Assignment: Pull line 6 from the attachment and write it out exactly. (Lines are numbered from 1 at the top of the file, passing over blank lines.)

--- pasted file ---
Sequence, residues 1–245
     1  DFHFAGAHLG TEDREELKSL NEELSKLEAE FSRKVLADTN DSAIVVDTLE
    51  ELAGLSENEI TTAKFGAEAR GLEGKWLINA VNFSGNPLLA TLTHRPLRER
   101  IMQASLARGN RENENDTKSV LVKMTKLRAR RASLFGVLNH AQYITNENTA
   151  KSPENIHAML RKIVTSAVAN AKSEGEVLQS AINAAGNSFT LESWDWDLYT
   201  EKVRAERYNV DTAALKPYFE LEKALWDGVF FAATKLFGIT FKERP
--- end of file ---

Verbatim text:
   201  EKVRAERYNV DTAALKPYFE LEKALWDGVF FAATKLFGIT FKERP